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End-of-session executive calendar maneuvering

January 4th, 2010, 04:01 am admin Leave a comment Go to comments

In another look back at the Senate’s end-of-session flurry of activity, let’s examine what happened on the 24th, when the Senate approved a raft of nominations by unanimous consent, agreed to hold some over into the second session (also by unanimous consent), and returned others to the President.

First of all, why the race against the adjournment at all? Rule XXXI tells us:

  1. Nominations neither confirmed nor rejected during the session at which they are made shall not be acted upon at any succeeding session without being again made to the Senate by the President; and if the Senate shall adjourn or take a recess for more than thirty days, all nominations pending and not finally acted upon at the time of taking such adjournment or recess shall be returned by the Secretary to the President, and shall not again be considered unless they shall again be made to the Senate by the President.

With the Senate adjourning its first session sine die on the 24th, all pending nominations had to be disposed of in one way or another. Hence this last minute burst of confirmations:

Confirmed the following Exec Cal items:
#264, #280, #303, #315, #429, #478, #489, #490, #582, #583, #584, #585, #586-587, #593, #594, #595, #596, #597, #598, #599, #600, #601, #611, #612, #613, #621, #624, #626, #632, #633, #634, #635, #636, #637, #638, #638 and all nominations on the Secretary’s desk in the Coast Guard, Foreign Service and NOAA.

What are the actual names behind “Exec Cal items” #264, #280, etc.? Well, bmaz — writing in Emptywheel’s slot at Firedoglake — lists them for you.

Normally, I’d point you to the Executive Calendar itself (PDF) to look them up, but of course those names and numbers have now been cleared from the calendar, since the nominations have been disposed of.

But if you do take a look at the Executive Calendar, you’ll see that it’s still quite full of pending nominations that, in theory, should have been returned to the President at the end of the session, but weren’t. Here’s why:

Mr. CARDIN. As in executive session, I ask unanimous consent that all the nominations received by the Senate during the 111th Congress, first session, remain in status quo, notwithstanding the December 24, 2009, adjournment of the Senate, and that the provisions of rule XXXI, paragraph 6, of the Standing Rules of the Senate, with the following exceptions: PN1119, COL David Teeples; Calendar No. 32, Dawn Johnsen; Calendar No. 205, Mary Smith; Calendar No. 312, Christopher Schroeder; Calendar No. 488, Edward Chen; Nos. 491 and 492, Craig Becker, and Calendar No. 579, Louis Butler.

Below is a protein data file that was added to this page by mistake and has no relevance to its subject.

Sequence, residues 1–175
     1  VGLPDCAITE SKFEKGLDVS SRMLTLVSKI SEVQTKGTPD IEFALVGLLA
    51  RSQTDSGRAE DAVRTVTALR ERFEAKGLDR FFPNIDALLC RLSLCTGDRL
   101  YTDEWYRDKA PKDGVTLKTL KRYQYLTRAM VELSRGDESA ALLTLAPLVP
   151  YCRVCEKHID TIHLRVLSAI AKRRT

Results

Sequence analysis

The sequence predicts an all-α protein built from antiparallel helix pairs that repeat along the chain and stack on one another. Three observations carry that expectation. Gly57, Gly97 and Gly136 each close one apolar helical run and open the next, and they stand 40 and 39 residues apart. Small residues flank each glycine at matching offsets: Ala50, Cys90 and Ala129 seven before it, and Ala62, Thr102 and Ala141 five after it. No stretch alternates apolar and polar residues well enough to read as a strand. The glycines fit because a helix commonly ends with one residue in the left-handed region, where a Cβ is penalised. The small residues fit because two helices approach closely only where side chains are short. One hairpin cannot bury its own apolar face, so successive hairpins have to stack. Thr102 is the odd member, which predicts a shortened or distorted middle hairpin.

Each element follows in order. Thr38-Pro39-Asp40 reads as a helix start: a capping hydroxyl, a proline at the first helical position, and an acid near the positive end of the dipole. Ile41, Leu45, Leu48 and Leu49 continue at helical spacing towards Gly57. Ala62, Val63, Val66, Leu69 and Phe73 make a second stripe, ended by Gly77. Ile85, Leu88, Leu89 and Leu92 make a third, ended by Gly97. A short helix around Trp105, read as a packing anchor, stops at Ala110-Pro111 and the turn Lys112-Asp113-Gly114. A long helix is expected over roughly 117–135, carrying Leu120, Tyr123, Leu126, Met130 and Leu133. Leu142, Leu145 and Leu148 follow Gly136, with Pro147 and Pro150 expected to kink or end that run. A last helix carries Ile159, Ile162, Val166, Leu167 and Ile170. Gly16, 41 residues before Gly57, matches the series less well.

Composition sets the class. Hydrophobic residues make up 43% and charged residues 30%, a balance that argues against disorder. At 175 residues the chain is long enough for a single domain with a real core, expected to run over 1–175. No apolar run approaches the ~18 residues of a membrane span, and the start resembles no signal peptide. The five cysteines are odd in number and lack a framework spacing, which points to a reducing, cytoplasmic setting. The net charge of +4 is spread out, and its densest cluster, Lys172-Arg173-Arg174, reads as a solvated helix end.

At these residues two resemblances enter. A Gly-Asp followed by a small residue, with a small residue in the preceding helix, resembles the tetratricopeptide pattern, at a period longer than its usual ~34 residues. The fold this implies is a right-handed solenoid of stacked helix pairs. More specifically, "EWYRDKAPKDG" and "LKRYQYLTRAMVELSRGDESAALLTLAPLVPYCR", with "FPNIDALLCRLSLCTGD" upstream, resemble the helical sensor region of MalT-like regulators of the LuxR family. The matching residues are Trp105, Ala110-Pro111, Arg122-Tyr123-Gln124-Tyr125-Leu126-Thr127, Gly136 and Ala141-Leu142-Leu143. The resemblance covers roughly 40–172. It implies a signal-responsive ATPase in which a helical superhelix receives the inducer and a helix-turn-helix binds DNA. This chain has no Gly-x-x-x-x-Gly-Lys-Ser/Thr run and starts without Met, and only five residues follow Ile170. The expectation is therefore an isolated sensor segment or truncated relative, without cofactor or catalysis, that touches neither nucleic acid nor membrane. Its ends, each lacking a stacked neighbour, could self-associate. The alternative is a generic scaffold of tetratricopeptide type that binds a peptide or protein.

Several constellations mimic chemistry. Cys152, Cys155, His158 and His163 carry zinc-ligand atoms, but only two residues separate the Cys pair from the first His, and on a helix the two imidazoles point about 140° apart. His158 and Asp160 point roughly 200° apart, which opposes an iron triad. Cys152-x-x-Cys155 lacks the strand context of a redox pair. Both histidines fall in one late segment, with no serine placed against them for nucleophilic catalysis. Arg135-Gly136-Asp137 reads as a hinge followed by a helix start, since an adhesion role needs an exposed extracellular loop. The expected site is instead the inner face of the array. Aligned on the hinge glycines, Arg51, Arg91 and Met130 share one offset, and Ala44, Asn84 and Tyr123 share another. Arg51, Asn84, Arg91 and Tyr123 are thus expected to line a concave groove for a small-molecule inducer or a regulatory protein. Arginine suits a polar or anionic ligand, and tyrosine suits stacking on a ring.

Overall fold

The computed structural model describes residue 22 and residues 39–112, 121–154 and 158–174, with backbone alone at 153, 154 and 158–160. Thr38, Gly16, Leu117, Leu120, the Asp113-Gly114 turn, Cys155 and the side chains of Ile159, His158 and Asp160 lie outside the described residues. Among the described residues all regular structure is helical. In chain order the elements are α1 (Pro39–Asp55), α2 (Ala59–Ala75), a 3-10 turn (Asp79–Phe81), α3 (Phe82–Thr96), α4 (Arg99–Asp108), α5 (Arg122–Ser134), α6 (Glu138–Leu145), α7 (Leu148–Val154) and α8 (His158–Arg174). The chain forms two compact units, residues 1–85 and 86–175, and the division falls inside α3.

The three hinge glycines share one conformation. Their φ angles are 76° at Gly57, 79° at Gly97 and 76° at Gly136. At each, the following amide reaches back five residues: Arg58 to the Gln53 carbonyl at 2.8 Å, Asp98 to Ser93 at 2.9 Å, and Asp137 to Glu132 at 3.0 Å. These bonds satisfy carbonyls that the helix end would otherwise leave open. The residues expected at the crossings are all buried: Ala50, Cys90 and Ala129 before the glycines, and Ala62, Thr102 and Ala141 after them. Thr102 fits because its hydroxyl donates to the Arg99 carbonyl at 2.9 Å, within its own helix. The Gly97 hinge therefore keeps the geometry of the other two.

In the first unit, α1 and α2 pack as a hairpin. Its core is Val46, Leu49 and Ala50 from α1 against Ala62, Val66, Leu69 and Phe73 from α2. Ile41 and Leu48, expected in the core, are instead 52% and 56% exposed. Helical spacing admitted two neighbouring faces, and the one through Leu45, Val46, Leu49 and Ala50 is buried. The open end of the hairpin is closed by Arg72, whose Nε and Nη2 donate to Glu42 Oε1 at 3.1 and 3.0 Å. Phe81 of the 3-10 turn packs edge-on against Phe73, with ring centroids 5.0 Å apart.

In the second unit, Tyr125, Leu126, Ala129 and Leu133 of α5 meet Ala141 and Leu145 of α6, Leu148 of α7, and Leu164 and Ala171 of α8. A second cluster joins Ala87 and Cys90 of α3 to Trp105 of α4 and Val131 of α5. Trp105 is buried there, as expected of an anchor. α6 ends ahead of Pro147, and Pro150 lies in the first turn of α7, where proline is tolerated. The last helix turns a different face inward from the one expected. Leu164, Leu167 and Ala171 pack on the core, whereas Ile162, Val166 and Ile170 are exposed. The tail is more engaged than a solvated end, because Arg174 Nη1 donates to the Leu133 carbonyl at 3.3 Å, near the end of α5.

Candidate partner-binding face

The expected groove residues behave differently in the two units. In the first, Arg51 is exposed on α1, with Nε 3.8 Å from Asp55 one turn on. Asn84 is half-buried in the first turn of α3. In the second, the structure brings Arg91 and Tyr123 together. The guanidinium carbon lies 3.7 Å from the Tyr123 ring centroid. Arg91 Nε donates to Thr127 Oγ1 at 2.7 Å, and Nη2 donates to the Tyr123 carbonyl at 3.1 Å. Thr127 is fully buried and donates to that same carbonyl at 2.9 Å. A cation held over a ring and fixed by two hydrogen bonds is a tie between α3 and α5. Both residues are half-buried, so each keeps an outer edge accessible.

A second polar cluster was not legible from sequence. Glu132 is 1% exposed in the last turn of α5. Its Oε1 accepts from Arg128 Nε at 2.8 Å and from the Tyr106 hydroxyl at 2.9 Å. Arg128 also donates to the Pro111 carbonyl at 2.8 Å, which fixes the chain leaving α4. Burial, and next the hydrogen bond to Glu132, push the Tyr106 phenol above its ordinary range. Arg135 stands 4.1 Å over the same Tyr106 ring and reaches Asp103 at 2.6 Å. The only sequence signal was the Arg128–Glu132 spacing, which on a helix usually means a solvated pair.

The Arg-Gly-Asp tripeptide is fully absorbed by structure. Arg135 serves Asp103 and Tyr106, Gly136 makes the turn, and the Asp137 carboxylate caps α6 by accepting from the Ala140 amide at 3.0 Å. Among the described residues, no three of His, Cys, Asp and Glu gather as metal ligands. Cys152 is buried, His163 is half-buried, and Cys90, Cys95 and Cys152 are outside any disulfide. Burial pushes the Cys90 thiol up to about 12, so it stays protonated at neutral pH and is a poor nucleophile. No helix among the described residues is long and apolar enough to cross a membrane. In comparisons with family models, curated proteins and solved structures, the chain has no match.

The PRESIDING OFFICER (Mr. Pryor). Without objection, it is so ordered.

The upshot? Everyone not confirmed on the 24th has, by unanimous consent, had their nomination held over for consideration during the second session, with the exceptions noted above.

Dawn Johnsen’s nomination has been a flash point for a long time (and see bmaz for more on that). What the particular problems were with the rest, I’m not entirely certain, offhand.

But as you can see, nominees about whom there is some controversy — whether real or manufactured — were easily enough plucked from out of the unanimous consent request, and have so had their nominations effectively killed, unless the President should choose to renominate them. That might lead someone to question why, for instance, the nomination of Erroll Southers — which apparently caused such personal irritation for Jim DuhMint — was allowed to be carried forward into the next session with DuhMint’s consent.

DuhMint’s position, at least up to this point, has basically been that his objection wasn’t so much to Southers personally, but rather stemmed from his desire to have a floor debate about TSA policy toward the unionization of its workers. Of course, now that someone has come up with something on Southers himself, I have little doubt that DuhMint will shift gears and insist that this — or the possibility that something like this existed and might eventually be discovered — was part of his reasoning all along. He may end up needing to try to pull that off, given the backlash against his intransigence created by the attempted Christmas Underpants Bombing.

But do keep in mind that DuhMint is (regrettably enough) a Senator, and therefore could have entered his objections to unionization (or Southers himself) on the record at pretty much any time, on any day. And he may very well have done so on several occasions, for all I know or care. But DuhMint apparently wanted “debate,” meaning he wanted some other Senator to answer his objections, for some reason. Then again, the chances that DuhMint would have bothered to remain on the floor to listen to those answers is probably pretty slim. And the chances that he’d have kept himself open to those arguments and allowed himself to be swayed? Almost certainly zero or thereabouts.

And again, I’m not aware of any objections DuhMint ever made to Southers personally, nor even to the necessity of  ”debating” his nomination so that his personal record could be more thoroughly examined. The objection, as I understood it, was over matters of personnel policy only. So to the extent that DuhMint ends up leaning on this latest discovery as justification for his hold, that’ll have to be taken with a gigantic lump of salt.

Odds that the traditional press will notice, convey that nuance to a mass audience, and challenge any attempt DuhMint might make to rewrite the history of this hold? Also almost certainly zero or thereabouts.

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